I didn't do anything on the computer except Internet for a few days and suddenly when I tried to do:

$ sudo apt-get update 

I got:

sudo: effective uid is not 0, is /usr/bin/sudo on a file system with the 'nosuid' option set
      or an NFS file system without root privileges?

I have no idea what happened, last time I remember running sudo is when I did update.

  • Could you edit the output of mount onto your question please?
    – Oli
    May 19, 2015 at 8:16
  • See if this topic can help
    – Bilal
    May 19, 2015 at 9:12
  • I have the same problem as the OP. error from sudo: ``` effective uid is not 0, is /usr/bin/sudo on a file system with the 'nosuid' option set or an NFS file system without root privileges ``` Then I check the mounted file system and it is not mounted with nosuid: ``` snappy@rcn-pg-03:~$ df -h /usr/bin/sudo Filesystem Size Used Avail Use% Mounted on /dev/mapper/rootvg-root 118G 20G 92G 18% / snappy@rcn-pg-03:~$ mount | grep rootvg-root /dev/mapper/rootvg-root on / type ext4 (rw,relatime,errors=remount-ro,stripe=112,data=ordered) snappy@rcn-pg-03:~$ ``` Nov 12, 2019 at 20:13

4 Answers 4


sudo works with a mechanism that is called setuid (Set User ID, or also called suid). If that bit is set on an executable file (like sudo), then the application is executed under the permissions of the user, who is the owner of that file (in case of sudo, the owner is the root user).

That means, sudo is executed as root. So far so good. But, now nothing prevents you from inserting an USB-drive with a shell on it, that has the setuid bit set. You have full root access! That's why normally USB-drives are mounted with the mount option noexec, to prevent executing binary/scripts on such a device. Another mount option, if you still want to execute files, is the one that is mentioned in the error message in your question: nosuid.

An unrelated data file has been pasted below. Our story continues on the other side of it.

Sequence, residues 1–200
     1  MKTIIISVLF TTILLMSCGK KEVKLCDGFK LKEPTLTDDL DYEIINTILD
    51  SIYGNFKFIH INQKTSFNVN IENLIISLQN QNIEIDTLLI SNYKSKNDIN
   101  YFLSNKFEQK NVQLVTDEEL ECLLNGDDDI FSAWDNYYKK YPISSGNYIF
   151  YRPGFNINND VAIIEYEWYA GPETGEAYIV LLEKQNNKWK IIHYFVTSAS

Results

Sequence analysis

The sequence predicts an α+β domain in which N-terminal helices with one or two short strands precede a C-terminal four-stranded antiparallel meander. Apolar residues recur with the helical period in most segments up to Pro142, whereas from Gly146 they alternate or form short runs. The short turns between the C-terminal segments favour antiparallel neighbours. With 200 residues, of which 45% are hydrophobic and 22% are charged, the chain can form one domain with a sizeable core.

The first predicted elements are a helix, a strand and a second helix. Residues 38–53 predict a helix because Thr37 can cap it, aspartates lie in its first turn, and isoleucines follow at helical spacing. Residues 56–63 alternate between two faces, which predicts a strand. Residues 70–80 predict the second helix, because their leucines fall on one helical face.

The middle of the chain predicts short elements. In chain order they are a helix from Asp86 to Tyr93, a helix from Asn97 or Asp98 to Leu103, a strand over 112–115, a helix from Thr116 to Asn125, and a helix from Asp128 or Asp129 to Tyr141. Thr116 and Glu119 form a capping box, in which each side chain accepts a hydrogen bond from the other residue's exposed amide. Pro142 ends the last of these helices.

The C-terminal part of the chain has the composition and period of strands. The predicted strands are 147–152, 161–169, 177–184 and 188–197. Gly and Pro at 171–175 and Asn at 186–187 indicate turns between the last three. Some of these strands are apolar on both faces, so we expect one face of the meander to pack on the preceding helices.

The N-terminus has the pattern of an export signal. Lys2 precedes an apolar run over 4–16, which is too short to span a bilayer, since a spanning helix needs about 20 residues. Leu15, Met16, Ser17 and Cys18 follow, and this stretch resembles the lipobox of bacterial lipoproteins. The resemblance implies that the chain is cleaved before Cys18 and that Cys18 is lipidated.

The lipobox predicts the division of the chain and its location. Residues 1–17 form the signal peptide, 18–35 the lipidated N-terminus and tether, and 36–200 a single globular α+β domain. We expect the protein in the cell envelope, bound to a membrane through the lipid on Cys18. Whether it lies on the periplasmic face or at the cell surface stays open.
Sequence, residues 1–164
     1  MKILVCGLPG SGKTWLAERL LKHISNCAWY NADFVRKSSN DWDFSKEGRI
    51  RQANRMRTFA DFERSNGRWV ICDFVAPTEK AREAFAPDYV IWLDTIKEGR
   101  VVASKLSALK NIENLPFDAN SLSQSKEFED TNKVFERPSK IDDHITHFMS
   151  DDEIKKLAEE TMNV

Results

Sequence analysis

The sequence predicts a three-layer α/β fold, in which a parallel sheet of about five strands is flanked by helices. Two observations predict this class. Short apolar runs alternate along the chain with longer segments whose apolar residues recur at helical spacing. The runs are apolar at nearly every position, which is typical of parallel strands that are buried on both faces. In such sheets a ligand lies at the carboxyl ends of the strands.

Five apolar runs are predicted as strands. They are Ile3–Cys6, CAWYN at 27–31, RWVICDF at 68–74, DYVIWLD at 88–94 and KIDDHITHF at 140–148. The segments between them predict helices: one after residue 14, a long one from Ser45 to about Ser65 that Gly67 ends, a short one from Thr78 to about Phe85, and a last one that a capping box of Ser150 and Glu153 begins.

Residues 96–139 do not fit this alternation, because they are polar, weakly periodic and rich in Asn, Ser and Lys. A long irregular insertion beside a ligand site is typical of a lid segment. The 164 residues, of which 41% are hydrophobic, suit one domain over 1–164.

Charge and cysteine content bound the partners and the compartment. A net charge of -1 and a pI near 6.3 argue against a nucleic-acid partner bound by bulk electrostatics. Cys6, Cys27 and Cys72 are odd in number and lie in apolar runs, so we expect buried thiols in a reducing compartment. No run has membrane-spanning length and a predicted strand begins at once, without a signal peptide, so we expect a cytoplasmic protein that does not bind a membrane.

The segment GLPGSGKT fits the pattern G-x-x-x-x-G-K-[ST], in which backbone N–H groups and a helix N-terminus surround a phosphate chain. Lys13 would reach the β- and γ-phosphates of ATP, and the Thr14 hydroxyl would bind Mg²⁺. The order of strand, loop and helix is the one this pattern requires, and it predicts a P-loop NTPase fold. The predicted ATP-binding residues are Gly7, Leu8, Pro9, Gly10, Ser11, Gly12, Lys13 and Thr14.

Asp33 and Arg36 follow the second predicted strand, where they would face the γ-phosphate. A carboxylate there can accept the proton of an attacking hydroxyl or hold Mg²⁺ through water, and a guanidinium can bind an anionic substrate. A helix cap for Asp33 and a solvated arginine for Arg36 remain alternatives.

See that excerpt of the mount manual page:

nosuid     Do not allow set-user-identifier or set-group-identifier bits to take effect.

With the mount command, you can determine, if your root filesystem is mounted with that option. Just type:

$ mount

You can now remount the filesystem on-the-fly and change mount options:

$ mount -n -o remount,suid /

That sets the suid option, which is the exact opposite of nosuid.

  • But how can this happen at sudden, without plugging/unplugging anything (disk/usb e.t.c)?
    – Marinos An
    Sep 14, 2021 at 12:13

Not really 100% related, but hear me out:

I had this problem, because I had changed the default Docker installation. And docker service wanted to execute sudo or do similar things (system calls?)

More specifically, I had moved the filesystem location where Docker installs volumes and images.
Docker Virtual machines can take a substantial amount of disk space.
Therefore I had moved /var/lib/docker to /mnt/virtualmachines_ssd/docker.

After a while I had forgotten that. I had to find out where /var/lib/docker was symlinked to.

ls -l /var/lib/docker
lrwxrwxrwx 1 root root  /var/lib/docker -> /mnt/virtualmachines_ssd/docker

Indeed /mnt/virtualmachines_ssd/ was a different partition, a different filesystem.

mount | grep virtualmachines | grep sdd
/dev/sdd1 on /mnt/virtualmachines_ssd type ext4 (rw,nodev,nosuid,relatime,x-gvfs-show)


sudo mount -o remount,suid /mnt/virtualbox_ssd

solved the problem! The "ddev" docker container was able to do its job again.

mount | grep virtualmachines | grep sdd
/dev/sdd1 on /mnt/virtualmachines_ssd type ext4 (rw,nodev,relatime,x-gvfs-show)

In your case, when you can't run sudo.

perhaps change the entry for the filesystem in your /etc/fstab, and reboot.


If you're still having this problem, or for anyone else having this problem, this was my solution (I had this problem too!).

Just reinstall sudo. Because you aren't able to use the sudo command, you'll have to escalate to a root command line with su.

$ su


# apt reinstall sudo

No reboot necessary. You should be good to exit out of the root shell and resume you daily life.


I had this problem yesterday and I realized that the problem might be caused by a pendrive that I connected to the usb port, because the problem started soon after.

Coincidentally (or not) the pendrive had the Linux installation, even though I didn't run the executable.

So, I simply restarted the Linux and at next boot the problem vanished without a trace.

Hope it helps someone.

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